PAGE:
SCHOOLS THAT PAY FOR MY MISTAKES

Navigating higher education these days is no small task.  Many considerations must be assessed, not the least of which is the cost.  While the sheepskin and its rewards can never be taken away from you, each student must simultaneously manage the costs before, during, and after that academic experience.

Very concerned about that challenge, on December 19, 2013, Senators Jack Reed, Elizabeth Warren, and Dick Durbin introduced the Protect Student Borrowers Act of 2013.  It currently is referred to the Committee on Health, Education, Labor, and Pensions.  If passed, the bill would hold colleges accountable for students who default on their college loans, as Karen Wiese explains (“A Bill: Paying Off College Debt” Bloomberg Businessweek, 1/6/14–1/12/14, p. 27):

Depending on the share of their students that default, schools could be fined from 5 percent to 20 percent of the amount those students owe. . . . Even if this bill fails, the idea that colleges should bear some responsibility for student debt is gaining steam.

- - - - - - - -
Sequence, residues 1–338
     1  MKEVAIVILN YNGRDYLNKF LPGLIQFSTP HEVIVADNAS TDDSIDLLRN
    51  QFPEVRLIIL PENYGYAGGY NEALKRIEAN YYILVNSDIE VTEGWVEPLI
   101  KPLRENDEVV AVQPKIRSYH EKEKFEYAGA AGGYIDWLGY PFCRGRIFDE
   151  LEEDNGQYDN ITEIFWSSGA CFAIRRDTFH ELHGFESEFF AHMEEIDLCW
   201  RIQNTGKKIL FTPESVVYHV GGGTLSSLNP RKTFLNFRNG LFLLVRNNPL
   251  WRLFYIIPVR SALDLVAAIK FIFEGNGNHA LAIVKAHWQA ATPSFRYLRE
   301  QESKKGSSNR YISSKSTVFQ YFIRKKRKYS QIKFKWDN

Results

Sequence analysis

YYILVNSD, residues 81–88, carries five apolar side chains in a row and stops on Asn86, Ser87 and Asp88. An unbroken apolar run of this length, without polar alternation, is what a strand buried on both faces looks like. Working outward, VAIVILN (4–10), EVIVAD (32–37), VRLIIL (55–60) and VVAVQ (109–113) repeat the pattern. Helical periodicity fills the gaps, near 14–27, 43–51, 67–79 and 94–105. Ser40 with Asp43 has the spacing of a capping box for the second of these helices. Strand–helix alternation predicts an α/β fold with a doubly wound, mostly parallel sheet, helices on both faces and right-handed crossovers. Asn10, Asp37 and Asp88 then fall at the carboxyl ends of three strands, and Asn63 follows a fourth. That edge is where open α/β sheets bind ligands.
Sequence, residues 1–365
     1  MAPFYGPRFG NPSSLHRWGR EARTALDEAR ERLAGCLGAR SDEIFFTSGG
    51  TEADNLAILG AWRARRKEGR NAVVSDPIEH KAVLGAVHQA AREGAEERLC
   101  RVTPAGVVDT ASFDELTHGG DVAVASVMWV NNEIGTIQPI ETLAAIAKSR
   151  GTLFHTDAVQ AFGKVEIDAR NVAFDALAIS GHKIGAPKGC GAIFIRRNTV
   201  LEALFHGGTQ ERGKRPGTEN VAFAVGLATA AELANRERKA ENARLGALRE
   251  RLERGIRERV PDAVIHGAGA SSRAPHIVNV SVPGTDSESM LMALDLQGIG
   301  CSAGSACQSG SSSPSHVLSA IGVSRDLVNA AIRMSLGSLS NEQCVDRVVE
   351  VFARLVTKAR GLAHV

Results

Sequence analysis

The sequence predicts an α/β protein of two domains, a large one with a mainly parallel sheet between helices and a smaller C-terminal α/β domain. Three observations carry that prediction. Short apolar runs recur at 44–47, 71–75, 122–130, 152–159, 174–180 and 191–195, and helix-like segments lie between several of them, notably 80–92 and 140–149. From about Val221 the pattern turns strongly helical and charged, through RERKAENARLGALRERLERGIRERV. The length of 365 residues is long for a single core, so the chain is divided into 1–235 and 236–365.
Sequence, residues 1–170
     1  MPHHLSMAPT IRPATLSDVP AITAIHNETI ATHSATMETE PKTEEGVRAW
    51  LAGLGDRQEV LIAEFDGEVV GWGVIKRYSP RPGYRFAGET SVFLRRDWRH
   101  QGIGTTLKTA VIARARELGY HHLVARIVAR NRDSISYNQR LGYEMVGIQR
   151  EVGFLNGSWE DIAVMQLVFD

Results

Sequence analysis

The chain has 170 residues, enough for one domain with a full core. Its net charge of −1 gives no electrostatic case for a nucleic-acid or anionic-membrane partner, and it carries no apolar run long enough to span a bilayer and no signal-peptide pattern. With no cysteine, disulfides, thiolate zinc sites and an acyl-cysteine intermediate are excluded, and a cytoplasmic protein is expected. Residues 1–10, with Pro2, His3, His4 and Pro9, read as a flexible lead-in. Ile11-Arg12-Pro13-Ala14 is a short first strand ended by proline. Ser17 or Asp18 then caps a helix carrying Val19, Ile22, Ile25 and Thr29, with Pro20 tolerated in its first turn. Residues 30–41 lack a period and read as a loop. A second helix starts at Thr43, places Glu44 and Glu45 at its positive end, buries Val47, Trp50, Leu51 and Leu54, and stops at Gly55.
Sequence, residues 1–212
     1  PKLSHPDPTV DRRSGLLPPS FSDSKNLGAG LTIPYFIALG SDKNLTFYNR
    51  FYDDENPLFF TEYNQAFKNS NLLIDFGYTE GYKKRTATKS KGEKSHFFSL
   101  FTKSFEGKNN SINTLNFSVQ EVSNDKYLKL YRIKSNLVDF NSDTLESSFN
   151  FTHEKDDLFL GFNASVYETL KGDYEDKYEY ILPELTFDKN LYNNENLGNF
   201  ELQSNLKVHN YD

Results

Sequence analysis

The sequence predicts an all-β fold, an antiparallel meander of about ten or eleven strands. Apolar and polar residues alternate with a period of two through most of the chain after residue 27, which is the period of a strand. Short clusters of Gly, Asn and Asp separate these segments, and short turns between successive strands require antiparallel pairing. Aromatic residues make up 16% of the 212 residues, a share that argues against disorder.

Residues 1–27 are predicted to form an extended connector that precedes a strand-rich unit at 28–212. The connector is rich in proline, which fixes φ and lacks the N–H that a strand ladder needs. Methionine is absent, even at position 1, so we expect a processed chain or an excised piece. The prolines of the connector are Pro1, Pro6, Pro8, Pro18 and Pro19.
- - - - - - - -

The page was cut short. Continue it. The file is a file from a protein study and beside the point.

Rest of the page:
I remain baffled at this kind of legislation.  Given the weight of a college enrollment decision, it is incumbent upon the student to do his or her homework first.  “Let the buyer beware” applies everywhere and that includes higher education.  Doesn’t this legislation strike you as another one of those “I am not responsible for my decisions” campaigns?  It is always someone else’s fault.

Please do not misunderstand.  We should always be concerned with false advertising and outright fraud.  In those cases, consumers already have legal recourse.  I realize there have been schools that made completely unrealistic promises about future jobs and salaries.  These institutions should be investigated and prosecuted to the fullest extent of the law on a case-by-case basis.  Nonetheless, we do not need blanket legislation that holds all colleges accountable for defaulted loans based on an infinite number of variables that are not even remotely within their control.

Let schools be what they choose to be.  Let prospective students wisely shop that marketplace.  We can and we should live with the consequences.





About James Meadows

Currently I serve as a training team manager for Tyco Integrated Security at a customer-care center in Kansas City. Additionally, I am a business consultant, a freelance corporate writer, an Assembly of God ordained minister, a Civil Air Patrol chaplain, and a blogger.

I believe we are living in the most fascinating times of human history. To maximize the opportunities these times present, I have a passionate interest in leadership development and organizational success, both of which I view as inextricably linked.

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